January 10, 2020
We haven’t posted as often lately, but it’s not because we’ve been idle. Since the honey bees are all snug in their hives for winter, we’ve moved from testing to...well, literally everything else. Social media, still puzzling over the ongoing question of whether or not we should try crowdfunding, and, this past week, rubbing elbows (the femoro-tibial joint?) with everyone who’s anyone in the bee world.
We went to the American Beekeeping Federation conference.
Well, not all of us (hey, someone has to keep things running here at home). Carissa and Jim represented Perpetual Pollen, and they did an amazing job. In fact, the entire thing was Carissa’s idea, and if you know her, that’s not surprising at all. We’re continuously blown away by her ability to reach out and grow our and knowledge. Jim, of course, knew a lot of the people scheduled to speak or attend, so off to Schaumburg they went.
Being able to see what already exists in the market for mite control, as well as where it’s going, was incredibly valuable to us (and, it proved to us again that there’s nothing else on the market like what we’re creating). We learned so much more about how beekeepers manage varroa populations, and more on the relatively new discovery that the varroa mite feeds primarily on the adipose tissue in bees. That second part is important because in honey bees, as in humans, it’s fatty tissue that produces antioxidants, protects bees from disease, and serves as food stores in dearth periods. So bees infected with mites are then exponentially more susceptible to secondary diseases and to starvation.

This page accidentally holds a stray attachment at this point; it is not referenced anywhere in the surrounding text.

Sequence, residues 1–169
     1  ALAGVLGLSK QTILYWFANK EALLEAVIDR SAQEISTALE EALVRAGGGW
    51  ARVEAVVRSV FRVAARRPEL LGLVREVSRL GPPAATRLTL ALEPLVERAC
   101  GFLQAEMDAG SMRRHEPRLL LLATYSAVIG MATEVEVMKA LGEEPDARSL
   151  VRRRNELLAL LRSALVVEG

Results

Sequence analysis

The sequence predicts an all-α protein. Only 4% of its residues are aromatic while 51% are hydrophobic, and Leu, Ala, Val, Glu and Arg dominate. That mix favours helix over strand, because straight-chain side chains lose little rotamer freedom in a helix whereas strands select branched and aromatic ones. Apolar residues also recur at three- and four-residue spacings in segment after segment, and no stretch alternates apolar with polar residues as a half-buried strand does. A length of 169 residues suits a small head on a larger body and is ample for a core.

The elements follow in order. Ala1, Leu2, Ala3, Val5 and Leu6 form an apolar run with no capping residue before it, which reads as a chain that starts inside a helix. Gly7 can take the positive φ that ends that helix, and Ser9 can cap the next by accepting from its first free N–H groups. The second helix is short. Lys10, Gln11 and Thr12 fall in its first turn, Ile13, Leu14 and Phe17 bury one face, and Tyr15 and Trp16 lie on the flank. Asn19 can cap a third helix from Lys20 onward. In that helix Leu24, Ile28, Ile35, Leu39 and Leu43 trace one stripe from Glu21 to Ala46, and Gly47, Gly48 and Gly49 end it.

We learned how contentious and political the question of neonicotinoids is. Opinion is fiercely divided, and so is the science. We learned that bees have now evolved to be able to break down about 60 different types of neonics and fungicides, but they can’t break down multiple types at once.
We sat in on a panel discussion about selective breeding of queens designed to produce queens more resistant to varroa mites.
But of course, neither selective breeding nor pesticides benefit wild bees. And wild bees are the ones we’re trying to save.
Eugene Killion, of Bee Hill Micro Farm Mentor (right), and Matthew Sanchez, Lead Beekeeper, Marriot International.
We left all the discussions with a renewed sense of urgency.
But the best part, honestly, was the social aspect of the whole thing.
After such a warm and productive relationship through a million conference calls and emails, we finally got to meet Dick Rogers!
And we had lunch with the incredible Peter Nelson. If you don't know who that is, click on this link right now and go watch The Pollinators. Peter created the most life-changing film on the importance and wonder of the honey bee that we’ve ever seen.
We had a wonderful meeting with bee researchers Steve Cook and Jody Johnson of the USDA, and with Albert Chubak, who makes urban beekeeping supplies that we definitely want.
We’re so excited to be a part of this warm, welcoming community. And we can’t wait to do more.